Thursday, September 1, 2016

Red Dwarf IV Episode 2: "DNA"

Robert Llewellyn gets to act without a mask on and Kryten gets a double polaroid. "DNA" is an interesting episode, but one that I think feels incomplete. The exploration of identity and being, presented through Kryten's accidental transmogrification into a human, feels limited and cut short as the episode, for its finale, turns into a silly run-around about the Dwarfers being menaced by a curry monster. Perhaps the Kryten narrative achieves everything it needs to do with time to spare, but I can't help but feel that it could have been dwelt upon in a little more detail by exploring more of the nature of "being". It's not entirely clear whether the episode is trying to discuss the problems that would arise from humans playing god, or if it's about how you should be "true to yourself".

I wonder if the "DNA Ship" is the most futuristic thing that's ever appeared in the show. We know the Time Drive in Series VI comes from the 28th century. Is the DNA Ship even more advanced than that? It's an interesting concept regardless, suggesting that in the very far future the human species might have achieved technology that would seem practically alien to us, although it's let down slightly by the somewhat uninspiring corridor sets on the ship. It's odd that Rimmer doesn't get excited by the possibility of aliens this time. While the Glenn Miller joke is funny (and I say that as someone who appreciates a bit of Glenn Miller), doesn't his big band and swing music seem like the kind of thing that would be right up Rimmer's alley? Perhaps it's not cheesy enough. Rimmer otherwise doesn't get too many noteworthy lines in this one, the other one early on that I like being "What's the hurry? Have you got some major luncheon appointment you have to rush off to?"

Kryten's transformation is used well on the joke front; the "double polaroid" gag is classic, and the whole medical scene is reinforced by both Robert Llewellyn's exaggerated Kryten facial expressions, now no longer hidden by the mask, and Craig Charles's great reactions as Lister is exposed to the photo collection, as well as "smirk mode". Kryten's sudden ignorance of human anatomy is obviously a little inexplicable given how much time he's spent around humans, but it's at least worth it for the knob gags. The conversation with the Spare Heads is another classic, especially Spare Head 3's accent and "Shut your stupid flat head." I wonder if it's meant to be implied by Kryten's outfit that he based his wardrobe choices on the Cat's sense of style, without really having Cat's poise or fashion sense.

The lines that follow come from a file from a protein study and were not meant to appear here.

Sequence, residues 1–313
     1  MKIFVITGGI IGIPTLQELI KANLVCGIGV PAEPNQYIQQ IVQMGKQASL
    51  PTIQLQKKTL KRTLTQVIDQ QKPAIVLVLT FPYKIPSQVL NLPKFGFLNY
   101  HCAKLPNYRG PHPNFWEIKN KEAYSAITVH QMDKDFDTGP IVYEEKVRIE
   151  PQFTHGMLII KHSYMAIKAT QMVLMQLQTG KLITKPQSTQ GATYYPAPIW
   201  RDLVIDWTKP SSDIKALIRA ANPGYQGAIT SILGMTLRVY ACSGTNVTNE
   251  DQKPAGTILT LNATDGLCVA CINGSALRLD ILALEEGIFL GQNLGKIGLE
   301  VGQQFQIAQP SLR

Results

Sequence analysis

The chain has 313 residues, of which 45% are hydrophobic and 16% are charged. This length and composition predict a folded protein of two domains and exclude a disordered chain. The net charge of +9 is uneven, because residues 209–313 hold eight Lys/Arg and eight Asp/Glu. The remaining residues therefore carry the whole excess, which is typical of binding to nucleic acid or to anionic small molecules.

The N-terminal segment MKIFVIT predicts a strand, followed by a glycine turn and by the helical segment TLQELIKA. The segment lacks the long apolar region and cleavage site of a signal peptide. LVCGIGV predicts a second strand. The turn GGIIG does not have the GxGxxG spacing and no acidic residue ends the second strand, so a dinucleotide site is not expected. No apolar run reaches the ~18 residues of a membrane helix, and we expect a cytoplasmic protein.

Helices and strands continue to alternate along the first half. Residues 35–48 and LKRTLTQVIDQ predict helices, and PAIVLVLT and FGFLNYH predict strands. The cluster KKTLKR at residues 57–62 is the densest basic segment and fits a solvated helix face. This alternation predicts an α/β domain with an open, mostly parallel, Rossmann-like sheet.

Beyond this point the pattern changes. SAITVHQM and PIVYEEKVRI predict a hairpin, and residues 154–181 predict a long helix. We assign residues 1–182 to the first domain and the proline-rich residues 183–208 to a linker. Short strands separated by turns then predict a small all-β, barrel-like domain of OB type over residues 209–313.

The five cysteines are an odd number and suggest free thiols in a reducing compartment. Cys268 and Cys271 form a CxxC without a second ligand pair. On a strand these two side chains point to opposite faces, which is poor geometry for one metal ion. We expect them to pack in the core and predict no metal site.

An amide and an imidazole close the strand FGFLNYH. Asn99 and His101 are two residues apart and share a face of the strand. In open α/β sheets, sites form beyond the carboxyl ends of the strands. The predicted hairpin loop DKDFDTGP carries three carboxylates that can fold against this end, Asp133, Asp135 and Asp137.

Lister's squirrel story seems to give a bit of a mixed message in my opinion. On the one hand, it says that being human is overrated. At the same time Lister's trying to argue that you shouldn't try to be what you're not. Lister doesn't seem to reach the conclusion that being human involves coping with bad feelings; instead he encourages Kryten to change himself back. So what's Lister's point, really, with the squirrel story? It'd make more sense if he concluded it by saying that despite envying the squirrel he realised that he had to deal with the pain he was feeling because he was a human. Then again, that still doesn't really apply to Kryten's situation. Thus I feel that the philosophical question of the episode isn't entirely successfully ruminated upon to its logical conclusions. I prefer the story about the wine bar. Lister's imaginings of becoming middle class and "playing squash every Tuesday night with a bloke called Gerald" is quite reminiscent of his complaints about Kochanski's assumed husband in "Stasis Leak". I also enjoy Kryten's line about being "a complete and total polaroid head."

The curry monster is a funny idea, and looks pretty decent, but ultimately it's a fairly mindless run-around at the end of the episode. The main advantage of it is Rimmer's line "I don't believe I'm running away from a psychopathic curried man." Lister's transformation into "man plus", and the line about how lager is "the only thing that can kill a vindaloo" are both funny bits, although it really does feel like a "comedy ending" in which the laws of a joke somehow become the laws of reality, as the beverage suited for washing down a spicy curry becomes the actual Achilles' heel of a creature made of curry. The Robocop referencing in the "man plus" costume might be a touch too on-the-nose as well. That being said, the bluescreen work to get miniature Lister into the shot and throwing the giant beer cans is surprisingly effective. One thing I'd say is that in the series' running order, this episode possibly takes a bit of a hit because it's another episode largely concentrated on Kryten and his relationship with Lister straight after Camille, something that might have been avoided if the broadcast order hadn't been changed, although perhaps they were always going to be broadcast one after another; I'm struggling to figure out what the original order was meant to be. Still, it's overall another pretty strong instalment showing that Series IV is where it's at.

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